MAIN OUTCOME MEASURE(S): Urinary LH surge, follicular collapse by serial transvaginal ultrasonography, and serum midluteal P levels.

RESULT(S): Eleven of 12 subjects detected an LH surge with both ibuprofen and placebo. Five of 11 women demonstrated a >or=2-day increase in time interval from detection of the LH surge to follicular collapse, and 3 of those 5 had been randomized to ibuprofen. This represents a 27% (3 of 11; 95% confidence limits: 1%, 53%) rate of delay for follicular collapse for ibuprofen. There was no difference in average midluteal P levels for ibuprofen or placebo.

CONCLUSION(S): If ibuprofen inhibits follicular collapse, this effect is seen in a small group of study subjects, and this information should be clinically reassuring to patients who take nonsteroidal anti-inflammatory drugs. Serum midluteal P levels were unaffected by administration of ibuprofen.

What we know and don’t know

The research I found doesn’t give us a very definitive answer. 8 out of the 10 studies or reviews point to a strong association between NSAIDs and ovulation problems. However, in most of these studies, subjects took high doses for an extended period of time (at least 10 consecutive days). Some of them used NSAIDs that are unpopular or unavailable in the US. 1 out of the 10 studies suggests a weak association between NSAIDs and ovulation problems and 1 out of the 10 studies actually suggests that NSAIDs can improve ovulation.

Here is a table to help make the findings more clear

Study number Number/description of subjects Type of study Outcome with NSAIDs
1 39 women Control trial (non-random) poor
2 rats Unsure, review? poor
3 3 women Case studies poor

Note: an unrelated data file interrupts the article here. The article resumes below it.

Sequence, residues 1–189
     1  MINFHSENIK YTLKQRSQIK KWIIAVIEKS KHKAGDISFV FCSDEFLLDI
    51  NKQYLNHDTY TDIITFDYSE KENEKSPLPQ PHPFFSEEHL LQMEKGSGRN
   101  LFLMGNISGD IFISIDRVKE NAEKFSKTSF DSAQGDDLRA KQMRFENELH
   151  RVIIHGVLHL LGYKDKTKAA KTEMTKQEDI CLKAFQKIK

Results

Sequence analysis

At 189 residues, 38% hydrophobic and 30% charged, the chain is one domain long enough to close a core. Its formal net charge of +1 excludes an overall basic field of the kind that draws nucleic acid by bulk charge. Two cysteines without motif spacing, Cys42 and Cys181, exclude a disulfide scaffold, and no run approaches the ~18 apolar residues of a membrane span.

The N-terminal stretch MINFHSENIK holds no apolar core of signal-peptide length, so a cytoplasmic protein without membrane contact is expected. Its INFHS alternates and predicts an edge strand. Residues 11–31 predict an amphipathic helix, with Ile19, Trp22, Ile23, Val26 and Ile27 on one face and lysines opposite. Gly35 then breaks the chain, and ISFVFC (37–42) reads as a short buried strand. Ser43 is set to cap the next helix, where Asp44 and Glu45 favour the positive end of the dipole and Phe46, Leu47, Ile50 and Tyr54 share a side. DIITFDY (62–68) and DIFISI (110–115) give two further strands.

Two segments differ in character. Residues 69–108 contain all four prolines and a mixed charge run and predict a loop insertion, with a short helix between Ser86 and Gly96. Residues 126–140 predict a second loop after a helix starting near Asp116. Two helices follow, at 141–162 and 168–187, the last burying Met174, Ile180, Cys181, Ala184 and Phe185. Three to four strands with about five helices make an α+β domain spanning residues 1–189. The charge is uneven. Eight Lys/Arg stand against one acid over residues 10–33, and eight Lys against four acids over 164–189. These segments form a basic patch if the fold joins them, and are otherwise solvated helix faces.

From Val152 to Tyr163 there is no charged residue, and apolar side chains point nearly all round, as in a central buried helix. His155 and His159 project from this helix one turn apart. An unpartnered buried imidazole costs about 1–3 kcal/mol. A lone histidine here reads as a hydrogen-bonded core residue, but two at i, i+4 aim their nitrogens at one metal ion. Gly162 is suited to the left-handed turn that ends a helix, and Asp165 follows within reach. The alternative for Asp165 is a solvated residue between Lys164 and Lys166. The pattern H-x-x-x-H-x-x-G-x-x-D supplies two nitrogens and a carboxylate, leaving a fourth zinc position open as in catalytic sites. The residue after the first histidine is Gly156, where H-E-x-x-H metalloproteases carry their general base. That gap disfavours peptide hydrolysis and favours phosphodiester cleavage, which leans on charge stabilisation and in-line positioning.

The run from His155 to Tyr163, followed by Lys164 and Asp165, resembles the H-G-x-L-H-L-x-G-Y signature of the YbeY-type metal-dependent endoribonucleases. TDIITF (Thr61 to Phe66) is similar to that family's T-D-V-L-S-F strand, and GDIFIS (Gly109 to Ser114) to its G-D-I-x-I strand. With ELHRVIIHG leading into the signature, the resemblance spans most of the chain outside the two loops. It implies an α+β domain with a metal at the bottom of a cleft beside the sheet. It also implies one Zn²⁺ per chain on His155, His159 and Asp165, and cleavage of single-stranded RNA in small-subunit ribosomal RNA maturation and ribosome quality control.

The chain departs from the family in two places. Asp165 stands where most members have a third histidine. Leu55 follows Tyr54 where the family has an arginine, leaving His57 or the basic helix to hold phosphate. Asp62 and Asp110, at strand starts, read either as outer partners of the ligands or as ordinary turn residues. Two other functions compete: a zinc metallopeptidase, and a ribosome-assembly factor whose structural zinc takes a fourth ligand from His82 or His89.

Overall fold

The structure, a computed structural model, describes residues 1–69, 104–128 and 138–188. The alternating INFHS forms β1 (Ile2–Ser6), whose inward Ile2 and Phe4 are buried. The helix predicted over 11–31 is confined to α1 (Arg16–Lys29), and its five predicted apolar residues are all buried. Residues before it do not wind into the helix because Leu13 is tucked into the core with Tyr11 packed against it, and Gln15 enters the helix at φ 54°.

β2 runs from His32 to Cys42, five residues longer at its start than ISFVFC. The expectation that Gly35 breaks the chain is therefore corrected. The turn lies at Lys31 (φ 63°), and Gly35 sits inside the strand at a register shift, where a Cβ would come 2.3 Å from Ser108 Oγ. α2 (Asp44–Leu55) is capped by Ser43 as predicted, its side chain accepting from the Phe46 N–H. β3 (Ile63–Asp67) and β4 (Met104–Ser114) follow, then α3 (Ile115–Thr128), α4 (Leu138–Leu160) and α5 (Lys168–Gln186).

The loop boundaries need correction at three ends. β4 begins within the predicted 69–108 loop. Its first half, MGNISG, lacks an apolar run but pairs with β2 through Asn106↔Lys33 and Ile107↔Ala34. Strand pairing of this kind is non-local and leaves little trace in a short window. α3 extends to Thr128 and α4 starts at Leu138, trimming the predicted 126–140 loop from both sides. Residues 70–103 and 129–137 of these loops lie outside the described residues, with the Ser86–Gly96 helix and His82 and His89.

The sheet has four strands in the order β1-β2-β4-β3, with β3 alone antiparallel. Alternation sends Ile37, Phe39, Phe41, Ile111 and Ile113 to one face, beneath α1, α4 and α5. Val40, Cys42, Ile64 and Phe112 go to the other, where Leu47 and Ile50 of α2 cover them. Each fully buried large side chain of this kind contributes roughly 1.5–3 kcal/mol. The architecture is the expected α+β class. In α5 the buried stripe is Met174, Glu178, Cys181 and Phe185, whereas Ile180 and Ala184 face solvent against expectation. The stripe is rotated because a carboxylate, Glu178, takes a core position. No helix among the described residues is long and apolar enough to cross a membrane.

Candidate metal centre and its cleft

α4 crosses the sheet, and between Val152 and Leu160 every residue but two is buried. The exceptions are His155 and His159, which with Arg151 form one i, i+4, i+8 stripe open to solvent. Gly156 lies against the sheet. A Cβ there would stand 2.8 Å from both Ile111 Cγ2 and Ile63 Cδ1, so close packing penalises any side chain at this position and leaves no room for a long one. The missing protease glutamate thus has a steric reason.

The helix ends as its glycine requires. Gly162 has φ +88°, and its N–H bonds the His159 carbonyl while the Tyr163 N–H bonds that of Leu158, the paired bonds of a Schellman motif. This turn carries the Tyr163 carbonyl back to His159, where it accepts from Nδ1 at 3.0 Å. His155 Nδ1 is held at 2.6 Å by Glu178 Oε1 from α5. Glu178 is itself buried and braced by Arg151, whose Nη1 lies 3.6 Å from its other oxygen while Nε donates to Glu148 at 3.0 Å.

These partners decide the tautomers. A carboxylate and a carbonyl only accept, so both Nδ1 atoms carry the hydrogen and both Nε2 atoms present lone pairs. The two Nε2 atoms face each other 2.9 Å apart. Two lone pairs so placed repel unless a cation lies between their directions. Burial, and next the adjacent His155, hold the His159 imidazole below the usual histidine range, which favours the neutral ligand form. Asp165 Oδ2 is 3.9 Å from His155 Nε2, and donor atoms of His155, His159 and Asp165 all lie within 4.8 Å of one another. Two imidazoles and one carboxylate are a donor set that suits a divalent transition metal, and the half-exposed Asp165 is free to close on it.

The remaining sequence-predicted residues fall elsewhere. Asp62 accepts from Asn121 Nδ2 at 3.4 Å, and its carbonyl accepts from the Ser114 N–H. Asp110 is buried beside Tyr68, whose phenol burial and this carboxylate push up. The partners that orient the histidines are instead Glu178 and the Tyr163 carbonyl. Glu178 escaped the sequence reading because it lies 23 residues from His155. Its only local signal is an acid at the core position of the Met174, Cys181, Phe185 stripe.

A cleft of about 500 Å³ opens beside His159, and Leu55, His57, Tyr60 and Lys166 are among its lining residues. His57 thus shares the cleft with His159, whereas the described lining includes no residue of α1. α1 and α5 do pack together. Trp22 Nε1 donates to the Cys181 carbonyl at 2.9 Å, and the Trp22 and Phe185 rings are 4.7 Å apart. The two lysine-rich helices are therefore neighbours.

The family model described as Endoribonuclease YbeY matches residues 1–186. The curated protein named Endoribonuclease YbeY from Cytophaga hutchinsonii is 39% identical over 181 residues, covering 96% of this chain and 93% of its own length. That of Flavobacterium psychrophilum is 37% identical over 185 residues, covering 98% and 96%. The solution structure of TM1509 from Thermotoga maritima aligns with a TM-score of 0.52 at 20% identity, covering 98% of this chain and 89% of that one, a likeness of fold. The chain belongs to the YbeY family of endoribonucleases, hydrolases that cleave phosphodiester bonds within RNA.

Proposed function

4 unsure Review poor
5 3 women Case studies poor
6 “isolated reports” Review poor
7 4 women Case studies poor
8 3 women Case studies poor
9 259 women Control trial (non-random) good
10 12 women Randomized control trial Poor in a small group

 

The majority of studies reporting poor outcomes are case studies involving 3 or 4 women. They may even be citing the same 3 or 4 women in multiple articles. It is difficult to know details (such as exactly which medications the women were taking and for how long) from the abstracts. However, we do know that in study 1 most of the women were taking medications not available in the US. In study 9 however, the women were mostly using Advil. This might make findings from study 9 more relevant. Study 10 is the highest quality in terms of research design, but with only 12 subjects, the results may not be reliable.

The possible mechanism responsible for ovulation problems while using NSAIDs is well described and seems plausible. According to this research, it has been observed in all mammals. However, studies involving mice and rats may still not be relevant to humans.

Conclusions

Overall, it seems like there is some good evidence to suggest that taking NSAIDs regularly can cause problems with ovulation. Unfortunately, there is still some controversy. I wasn’t able to find any good information on lower doses or the importance of timing, but subjects in these studies all took the medications around the time of ovulation.

I was also unable to find any information on good alternatives. Study 9, which claimed painkillers do not cause ovulation problems, didn’t separate out NSAIDs and acetaminophen. A quick Google search suggests that acetaminophen (like Tylenol) is safe during pregnancy, but may reduce estrogen and luteinizing hormones in the body. This could affect fertility.  I have yet to look deeper into this claim.

Applications

My recommendation would be for anyone who has had unexplained infertility for more than 3 months to stop taking NSAIDs and use Tylenol for mild/occasional pain relief (unless your doctor doesn’t think this would be safe). Fertility treatments are often very expensive and might be avoided by simply switching pain medication.

Author: Tara

Skeptical health and fitness enthusiast (and also speech-language pathologist)